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Sustainable energy for the world


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¿Energía sostenible para el mundo?
Por Sir Christopher Llewellyn Smith, Director de Investigación Energética en la Universidad de Oxford y Ex director general del CERN.

Published in: Technology, Business
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Sustainable energy for the world

  1. 1. Sustainable Energy forSustainable Energy for the World?the World? Chris Llewellyn Smith Director of Energy Research, Oxford University President SESAME Council
  2. 2. ■ The biggest challenge of the 21st century - provide sufficient food, water, and energy to allow everyone on the planet to live decent lives, in the face of rising and increasingly urbanised population*, the threat of climate change, and (in the long term) declining fossil fuels * Today 7 billion, over 50% living in big cities Later in the century 9 to 10 billion, 80% in big cities ContextContext ■ Energy is a necessary (but not sufficient) means to meet this challenge – which must be tackled holistically ■ Want a resilient energy system - sustainable, affordable, reliable and secure: in practice require trade-offs.
  3. 3. Drivers of Energy PolicyDrivers of Energy Policy 1. Security Will the lights stay on? Can we in (the UK) survive cold winters? Are there queues at the petrol pumps? 2. Cost Is energy affordable? Do energy prices foster industrial competiveness? 3. Clean Environment Does the system minimise pollution, health and climate impacts? In practice security and costs are mainly driving what’s happening • Why is decarbonisation important? • Is it happening? Why not? • What needs to be done?
  4. 4. Key Energy Facts •The world uses a lot of energy (at a rate of 2.6 kW* per capita), very unevenly *3.7 kW in Spain •Energy use is rising fast: 36% increase expected 2011-30 (BP). Almost all the increase in non-OECD countries – needed to lift billions out of poverty •In rounded (easy to remember) numbers, primary energy is provided by fossil fuels ~ 80%, waste and biomass ~ 10%, hydro ~ 5 %, nuclear ~ 5%: other renewables contribute 1.2% - these are global averages: there are big differences between countries (Coal → 26% of primary energy globally: 64% in China) •Electricity production uses ~ 38% of primary energy (this % is rising) •In rounded (easy to remember) numbers, energy is used in transport ~ 30%, industry ~ 30%, residential ~ 30%, commerce & public service ~ 9%, agriculture, forestry & fisheries ~ 2% [Other splits: heat (excluding power generation) 32%...]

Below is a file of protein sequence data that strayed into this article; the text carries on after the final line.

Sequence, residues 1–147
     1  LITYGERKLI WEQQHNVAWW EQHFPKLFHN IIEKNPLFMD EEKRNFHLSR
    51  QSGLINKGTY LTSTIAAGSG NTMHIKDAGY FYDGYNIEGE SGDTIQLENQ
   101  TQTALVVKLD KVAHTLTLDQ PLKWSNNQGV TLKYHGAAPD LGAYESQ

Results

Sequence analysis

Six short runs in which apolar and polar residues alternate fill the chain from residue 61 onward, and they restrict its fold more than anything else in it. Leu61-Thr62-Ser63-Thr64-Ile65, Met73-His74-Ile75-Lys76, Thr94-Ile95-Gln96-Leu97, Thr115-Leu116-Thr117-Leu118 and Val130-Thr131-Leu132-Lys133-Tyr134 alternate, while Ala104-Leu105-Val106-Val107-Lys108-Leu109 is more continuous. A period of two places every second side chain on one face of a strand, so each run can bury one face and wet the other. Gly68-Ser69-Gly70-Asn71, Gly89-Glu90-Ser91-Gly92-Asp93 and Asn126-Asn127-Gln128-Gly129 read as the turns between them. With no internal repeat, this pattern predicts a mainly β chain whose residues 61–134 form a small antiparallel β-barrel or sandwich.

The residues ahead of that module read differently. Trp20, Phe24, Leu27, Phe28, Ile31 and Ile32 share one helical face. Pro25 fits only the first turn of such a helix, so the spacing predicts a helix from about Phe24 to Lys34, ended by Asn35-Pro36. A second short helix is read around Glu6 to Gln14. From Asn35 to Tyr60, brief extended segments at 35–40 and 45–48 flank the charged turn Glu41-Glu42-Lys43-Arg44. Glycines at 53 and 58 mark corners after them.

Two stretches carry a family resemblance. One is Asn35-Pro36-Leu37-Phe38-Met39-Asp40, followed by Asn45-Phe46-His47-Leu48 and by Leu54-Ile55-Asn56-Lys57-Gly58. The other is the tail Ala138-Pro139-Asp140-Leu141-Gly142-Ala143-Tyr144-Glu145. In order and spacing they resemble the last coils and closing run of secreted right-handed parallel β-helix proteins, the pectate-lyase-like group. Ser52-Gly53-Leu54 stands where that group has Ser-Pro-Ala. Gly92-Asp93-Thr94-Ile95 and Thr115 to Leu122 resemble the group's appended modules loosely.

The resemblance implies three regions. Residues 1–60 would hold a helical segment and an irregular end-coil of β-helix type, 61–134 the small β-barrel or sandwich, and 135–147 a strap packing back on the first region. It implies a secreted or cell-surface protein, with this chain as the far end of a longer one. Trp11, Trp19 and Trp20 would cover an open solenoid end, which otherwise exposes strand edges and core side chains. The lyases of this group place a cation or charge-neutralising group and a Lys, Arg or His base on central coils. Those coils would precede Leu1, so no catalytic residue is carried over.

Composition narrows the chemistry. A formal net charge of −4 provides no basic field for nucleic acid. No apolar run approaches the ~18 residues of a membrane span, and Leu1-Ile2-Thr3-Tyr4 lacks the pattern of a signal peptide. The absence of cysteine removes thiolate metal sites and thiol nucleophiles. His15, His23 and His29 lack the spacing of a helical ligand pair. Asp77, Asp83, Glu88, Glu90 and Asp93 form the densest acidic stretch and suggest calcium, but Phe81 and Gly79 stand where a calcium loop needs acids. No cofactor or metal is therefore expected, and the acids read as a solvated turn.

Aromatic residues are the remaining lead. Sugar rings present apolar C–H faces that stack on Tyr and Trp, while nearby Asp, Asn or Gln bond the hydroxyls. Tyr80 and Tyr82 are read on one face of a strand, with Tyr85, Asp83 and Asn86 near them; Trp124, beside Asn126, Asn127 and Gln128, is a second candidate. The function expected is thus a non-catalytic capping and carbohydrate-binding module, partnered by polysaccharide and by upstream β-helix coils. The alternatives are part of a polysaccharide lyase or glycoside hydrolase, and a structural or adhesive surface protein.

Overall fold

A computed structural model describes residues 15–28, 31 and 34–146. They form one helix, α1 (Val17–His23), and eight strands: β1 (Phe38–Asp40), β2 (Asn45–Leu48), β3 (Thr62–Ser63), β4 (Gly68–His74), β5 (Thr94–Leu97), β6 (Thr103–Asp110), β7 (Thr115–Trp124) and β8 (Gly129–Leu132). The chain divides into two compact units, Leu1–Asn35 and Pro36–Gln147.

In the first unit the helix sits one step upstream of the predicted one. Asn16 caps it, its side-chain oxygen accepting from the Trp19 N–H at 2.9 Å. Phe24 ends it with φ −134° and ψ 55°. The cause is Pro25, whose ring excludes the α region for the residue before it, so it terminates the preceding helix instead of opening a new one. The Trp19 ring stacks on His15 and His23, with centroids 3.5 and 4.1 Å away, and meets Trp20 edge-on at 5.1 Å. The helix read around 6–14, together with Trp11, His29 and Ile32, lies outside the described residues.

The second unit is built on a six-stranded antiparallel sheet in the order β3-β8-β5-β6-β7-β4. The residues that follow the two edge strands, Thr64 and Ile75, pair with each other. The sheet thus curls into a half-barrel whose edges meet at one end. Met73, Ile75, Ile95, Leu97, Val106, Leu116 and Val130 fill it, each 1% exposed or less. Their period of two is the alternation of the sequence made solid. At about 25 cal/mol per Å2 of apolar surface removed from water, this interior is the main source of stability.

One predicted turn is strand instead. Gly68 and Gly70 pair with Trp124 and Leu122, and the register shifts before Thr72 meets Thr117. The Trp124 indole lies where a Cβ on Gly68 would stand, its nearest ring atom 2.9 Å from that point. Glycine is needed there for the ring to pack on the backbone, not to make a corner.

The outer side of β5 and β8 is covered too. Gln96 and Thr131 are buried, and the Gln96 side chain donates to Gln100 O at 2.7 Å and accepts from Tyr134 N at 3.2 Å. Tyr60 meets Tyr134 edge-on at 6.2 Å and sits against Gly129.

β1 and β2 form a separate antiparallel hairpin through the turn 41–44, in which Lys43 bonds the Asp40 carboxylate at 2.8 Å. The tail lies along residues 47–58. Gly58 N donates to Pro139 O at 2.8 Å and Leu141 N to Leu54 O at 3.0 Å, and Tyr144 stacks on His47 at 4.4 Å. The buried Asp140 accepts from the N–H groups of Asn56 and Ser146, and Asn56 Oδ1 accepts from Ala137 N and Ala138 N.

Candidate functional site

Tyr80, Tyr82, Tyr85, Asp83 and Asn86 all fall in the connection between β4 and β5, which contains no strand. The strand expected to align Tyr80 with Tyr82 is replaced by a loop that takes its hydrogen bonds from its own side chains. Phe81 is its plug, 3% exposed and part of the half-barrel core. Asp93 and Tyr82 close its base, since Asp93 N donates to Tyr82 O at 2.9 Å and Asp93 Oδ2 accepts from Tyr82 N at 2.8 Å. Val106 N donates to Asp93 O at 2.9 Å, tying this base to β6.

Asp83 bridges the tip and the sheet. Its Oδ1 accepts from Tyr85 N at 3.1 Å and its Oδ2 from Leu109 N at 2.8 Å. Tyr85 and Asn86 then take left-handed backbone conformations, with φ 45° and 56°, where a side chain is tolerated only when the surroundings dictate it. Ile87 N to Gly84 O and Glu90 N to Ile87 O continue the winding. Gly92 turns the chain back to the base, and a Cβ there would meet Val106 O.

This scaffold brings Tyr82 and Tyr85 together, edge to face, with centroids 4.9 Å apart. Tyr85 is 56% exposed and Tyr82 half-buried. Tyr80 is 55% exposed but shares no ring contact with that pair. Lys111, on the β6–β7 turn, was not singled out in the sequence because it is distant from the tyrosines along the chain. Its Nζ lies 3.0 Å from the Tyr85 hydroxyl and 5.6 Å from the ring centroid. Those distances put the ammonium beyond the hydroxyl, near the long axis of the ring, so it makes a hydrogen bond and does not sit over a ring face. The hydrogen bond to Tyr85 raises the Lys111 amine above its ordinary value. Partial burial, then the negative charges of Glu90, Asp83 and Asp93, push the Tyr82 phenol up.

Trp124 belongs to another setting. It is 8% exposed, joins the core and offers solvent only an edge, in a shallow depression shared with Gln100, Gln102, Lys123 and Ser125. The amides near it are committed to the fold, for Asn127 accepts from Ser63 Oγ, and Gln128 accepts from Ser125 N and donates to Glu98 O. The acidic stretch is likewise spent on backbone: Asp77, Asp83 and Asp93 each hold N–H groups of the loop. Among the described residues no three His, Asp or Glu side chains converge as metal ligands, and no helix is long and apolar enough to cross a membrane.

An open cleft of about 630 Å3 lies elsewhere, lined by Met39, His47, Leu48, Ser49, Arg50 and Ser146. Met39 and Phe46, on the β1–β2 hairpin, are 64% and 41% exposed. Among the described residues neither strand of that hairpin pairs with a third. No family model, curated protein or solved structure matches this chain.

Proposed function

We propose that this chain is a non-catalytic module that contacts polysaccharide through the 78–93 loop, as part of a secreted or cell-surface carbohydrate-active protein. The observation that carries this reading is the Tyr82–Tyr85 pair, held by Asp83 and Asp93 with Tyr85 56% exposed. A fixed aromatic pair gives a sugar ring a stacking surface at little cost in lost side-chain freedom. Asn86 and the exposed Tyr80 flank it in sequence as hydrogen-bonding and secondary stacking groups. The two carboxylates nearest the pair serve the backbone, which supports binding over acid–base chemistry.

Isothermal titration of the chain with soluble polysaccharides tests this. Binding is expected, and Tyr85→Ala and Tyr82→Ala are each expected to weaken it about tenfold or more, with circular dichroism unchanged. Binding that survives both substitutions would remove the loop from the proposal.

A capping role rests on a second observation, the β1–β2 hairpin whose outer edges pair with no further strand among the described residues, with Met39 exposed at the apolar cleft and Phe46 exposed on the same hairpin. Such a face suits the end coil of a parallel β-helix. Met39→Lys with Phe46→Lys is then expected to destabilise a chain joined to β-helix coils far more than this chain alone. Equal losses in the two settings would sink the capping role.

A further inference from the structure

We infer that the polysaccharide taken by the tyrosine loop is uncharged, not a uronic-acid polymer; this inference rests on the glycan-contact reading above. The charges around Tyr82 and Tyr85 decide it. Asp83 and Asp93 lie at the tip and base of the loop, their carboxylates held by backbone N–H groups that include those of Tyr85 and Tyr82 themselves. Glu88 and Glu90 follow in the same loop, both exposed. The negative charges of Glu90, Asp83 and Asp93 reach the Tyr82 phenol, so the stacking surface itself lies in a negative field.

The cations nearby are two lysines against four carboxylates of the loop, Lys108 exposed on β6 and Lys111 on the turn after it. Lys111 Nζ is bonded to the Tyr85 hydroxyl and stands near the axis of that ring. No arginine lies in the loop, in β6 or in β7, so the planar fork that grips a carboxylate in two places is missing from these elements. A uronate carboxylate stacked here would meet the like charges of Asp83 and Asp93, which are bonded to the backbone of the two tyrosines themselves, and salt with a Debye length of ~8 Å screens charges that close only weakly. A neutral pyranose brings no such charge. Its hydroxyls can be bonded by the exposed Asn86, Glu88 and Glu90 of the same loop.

5. 5. BP Projections (not including biomass, apart from biofuels, or waste)
  6. 6. Energy Inequality •Energy use is very uneven: 33 times more per capita in the USA than in Bangladesh •Impossible for everyone to come to the level in the USA today (energy production would have to increase five fold by 2050, when the population will be 9 billion) – we must all be more efficient, and change expectations and lifestyles •1.2 billion people still lack electricity: 2.6 billion do not have clean cooking facilities
  7. 7. The Need for DecarbonisationThe Need for Decarbonisation Reducing the use of fossil fuels is essential •to reduce pollution* •to improve energy security in countries which import large quantities of fossil fuels •to reduce the scale of climate change •because in the (very) long run fossil fuels will become increasingly scarce/expensive *WHO, 2011: urban outdoor air pollution [indoor air pollution] → 1.35 [2] million premature deaths per year (typically for each death 8 Disability Adjusted Life Years are lost), out of ~ 60 million total deaths Hard to attribute these deaths to individual sources, but one study suggests that a modern coal power station in Europe ~ 215 premature deaths/GW-year (285 for lignite) but very difficult given that fossil fuels provide 78% of primary energy, and much of the 10% from bio-mass & and waste is not carbon neutral
  8. 8. The Scale of the ChallengeThe Scale of the Challenge • International Energy Agency ‘New Policies Scenario’ - assumes successful implementation of all agreed national policies and announced commitments designed to save energy and reduce use of fossil fuels Projections for 2010-35: Energy use* + 35%, fossil fuels + 26%, CO2 + 23% - almost all from developing countries * nuclear + 58%, hydro + 65%, bio-energy + 47% , … • BP thinks that in the shorter period 2010-30 - energy use will rise 39% (36% from 2011) - fossil fuels + 31%, CO2 + 28%
  9. 9. World Primary Energy Demand by Scenario Source: International Energy Agency ↑ Designed to limit atmospheric CO2 to 450 ppm → temperature rise 2 0 C BP 2030 →
  10. 10. Global Energy-Related Carbon Dioxide Emissions by Scenario ← BP 2030 The relative use of coal in 2035 in CPS, NPS & 450S (1: 0.76: 0.42) is responsible for most of the difference in CO2 Note: following ‘shale revolution’, USA is moving from coal to gas and decarbonising relatively fast, but coal not staying in the ground → export Coal use rising elsewhere (in Europe particularly in Germany) NPS + all actions that reduce energy use & save money